Fortunately for Navy, they’re just coming off of a game where they were able to hit a lot of barns. Rutgers might not have lined up the same way as WKU, but they were also very aggressive in using their secondary in run support. Navy managed to roll up 400 yards of offense against a talented defense that sold out to stop the option. If Navy was that successful against WKU last year, they probably would have won that game. That would appear to have things trending in the right direction for Navy; WKU probably doesn’t have the talent to pull off the scheme they used last year, and the Mids have already demonstrated this year that they’re more capable of doing what it takes to make an aggressive secondary pay.
It would appear then that this game has all the ingredients necessary for a shootout. That makes it a mental test as much as anything else. Western Kentucky is going to score points. That’s not a knock on the defense; they just score on everybody. Points mean pressure. The Navy offense can’t let the pressure to keep pace turn into mental errors, especially turnovers. On the other side of the ball, the defense can’t allow themselves to get frustrated. They can’t be so desperate to make a play that they don’t trust their teammates to do their jobs. That’s what leads to overrunning plays, missed tackles, and being out of position. Against a catch-and-run team like Western Kentucky, that spells disaster. WKU isn’t immune to mistakes; they might not turn the ball over much, but they do average 7 penalties a game. There will be opportunities for the defense to get off the field. The Mids just can’t allow themselves to get sloppy if WKU is able to score early.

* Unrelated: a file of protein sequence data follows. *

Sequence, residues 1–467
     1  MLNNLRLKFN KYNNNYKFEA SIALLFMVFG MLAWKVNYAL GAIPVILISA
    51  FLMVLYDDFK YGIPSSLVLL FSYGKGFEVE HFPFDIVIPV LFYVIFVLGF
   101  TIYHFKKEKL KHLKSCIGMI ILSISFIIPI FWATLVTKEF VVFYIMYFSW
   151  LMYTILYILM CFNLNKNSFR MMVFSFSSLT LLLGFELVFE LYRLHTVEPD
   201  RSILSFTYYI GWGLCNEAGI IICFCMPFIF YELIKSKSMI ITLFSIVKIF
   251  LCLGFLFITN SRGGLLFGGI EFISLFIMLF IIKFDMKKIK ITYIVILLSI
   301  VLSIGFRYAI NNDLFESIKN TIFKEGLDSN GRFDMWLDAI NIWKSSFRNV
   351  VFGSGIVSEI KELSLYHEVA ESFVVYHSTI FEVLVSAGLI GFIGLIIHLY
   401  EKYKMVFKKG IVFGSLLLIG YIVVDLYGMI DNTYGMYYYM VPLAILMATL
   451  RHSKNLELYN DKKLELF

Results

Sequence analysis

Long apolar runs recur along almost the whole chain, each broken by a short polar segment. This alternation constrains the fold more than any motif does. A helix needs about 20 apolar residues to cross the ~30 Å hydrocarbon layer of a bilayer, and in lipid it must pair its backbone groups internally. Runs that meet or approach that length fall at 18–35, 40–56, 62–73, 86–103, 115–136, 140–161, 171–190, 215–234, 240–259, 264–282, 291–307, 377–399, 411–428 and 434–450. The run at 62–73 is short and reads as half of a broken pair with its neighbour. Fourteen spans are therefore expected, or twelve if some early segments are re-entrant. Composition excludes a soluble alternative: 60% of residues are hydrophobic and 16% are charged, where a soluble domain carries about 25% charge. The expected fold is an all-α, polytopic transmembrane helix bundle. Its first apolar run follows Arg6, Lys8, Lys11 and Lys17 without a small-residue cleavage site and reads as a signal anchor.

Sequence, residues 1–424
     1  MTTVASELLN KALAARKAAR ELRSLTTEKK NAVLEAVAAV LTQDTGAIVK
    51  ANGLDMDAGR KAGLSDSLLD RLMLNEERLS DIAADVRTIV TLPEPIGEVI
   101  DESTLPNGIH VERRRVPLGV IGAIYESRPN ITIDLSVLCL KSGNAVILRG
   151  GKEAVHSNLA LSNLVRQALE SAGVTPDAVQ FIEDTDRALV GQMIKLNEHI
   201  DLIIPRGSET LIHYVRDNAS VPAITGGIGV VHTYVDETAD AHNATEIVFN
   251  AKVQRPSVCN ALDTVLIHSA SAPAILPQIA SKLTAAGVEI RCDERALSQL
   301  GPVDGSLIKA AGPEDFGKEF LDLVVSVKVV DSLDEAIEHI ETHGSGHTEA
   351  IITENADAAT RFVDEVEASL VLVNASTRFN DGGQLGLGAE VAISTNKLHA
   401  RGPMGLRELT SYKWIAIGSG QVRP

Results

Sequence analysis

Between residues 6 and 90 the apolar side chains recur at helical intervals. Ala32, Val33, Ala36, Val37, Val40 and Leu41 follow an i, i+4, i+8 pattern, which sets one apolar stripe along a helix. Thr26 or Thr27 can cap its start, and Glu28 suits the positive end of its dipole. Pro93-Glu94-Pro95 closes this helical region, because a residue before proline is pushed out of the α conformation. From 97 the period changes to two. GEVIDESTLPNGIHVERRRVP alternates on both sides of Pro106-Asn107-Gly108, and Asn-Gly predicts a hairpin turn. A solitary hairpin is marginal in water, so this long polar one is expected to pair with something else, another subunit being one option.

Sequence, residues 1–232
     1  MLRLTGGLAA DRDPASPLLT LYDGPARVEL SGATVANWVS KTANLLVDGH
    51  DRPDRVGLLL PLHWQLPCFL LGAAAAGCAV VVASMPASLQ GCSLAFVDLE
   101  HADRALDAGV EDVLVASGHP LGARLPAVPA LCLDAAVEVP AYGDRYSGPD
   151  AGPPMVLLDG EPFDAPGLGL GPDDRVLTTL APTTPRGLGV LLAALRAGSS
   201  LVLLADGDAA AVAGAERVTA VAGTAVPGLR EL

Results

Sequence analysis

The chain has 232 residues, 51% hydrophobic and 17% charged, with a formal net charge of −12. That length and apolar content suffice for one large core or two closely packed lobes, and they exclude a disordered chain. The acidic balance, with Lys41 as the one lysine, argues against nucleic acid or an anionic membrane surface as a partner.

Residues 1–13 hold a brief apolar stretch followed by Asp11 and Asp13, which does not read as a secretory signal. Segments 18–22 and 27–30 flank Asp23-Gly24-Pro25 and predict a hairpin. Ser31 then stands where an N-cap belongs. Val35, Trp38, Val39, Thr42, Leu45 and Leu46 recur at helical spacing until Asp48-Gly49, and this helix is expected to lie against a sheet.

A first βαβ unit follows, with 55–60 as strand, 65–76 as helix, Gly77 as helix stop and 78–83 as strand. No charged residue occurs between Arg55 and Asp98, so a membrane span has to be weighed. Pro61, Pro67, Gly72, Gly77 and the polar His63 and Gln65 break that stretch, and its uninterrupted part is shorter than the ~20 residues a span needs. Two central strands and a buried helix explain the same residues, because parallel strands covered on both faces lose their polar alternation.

Hopefully, with a little mental discipline, the Mids will be able to get back to their winning ways.